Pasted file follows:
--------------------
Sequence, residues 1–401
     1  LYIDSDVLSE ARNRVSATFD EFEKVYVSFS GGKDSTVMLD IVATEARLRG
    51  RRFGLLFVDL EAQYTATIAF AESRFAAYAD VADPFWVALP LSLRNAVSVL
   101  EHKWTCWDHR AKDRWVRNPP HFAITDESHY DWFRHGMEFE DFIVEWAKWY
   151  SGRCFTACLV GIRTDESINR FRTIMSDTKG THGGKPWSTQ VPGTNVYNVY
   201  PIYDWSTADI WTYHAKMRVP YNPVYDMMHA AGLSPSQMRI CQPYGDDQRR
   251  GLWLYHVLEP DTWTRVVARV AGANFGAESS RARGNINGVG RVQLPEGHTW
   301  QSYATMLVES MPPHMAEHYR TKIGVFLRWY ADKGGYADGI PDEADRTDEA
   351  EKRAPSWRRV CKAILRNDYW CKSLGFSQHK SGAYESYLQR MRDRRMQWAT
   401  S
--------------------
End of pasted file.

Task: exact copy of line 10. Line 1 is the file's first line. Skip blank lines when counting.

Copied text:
   401  S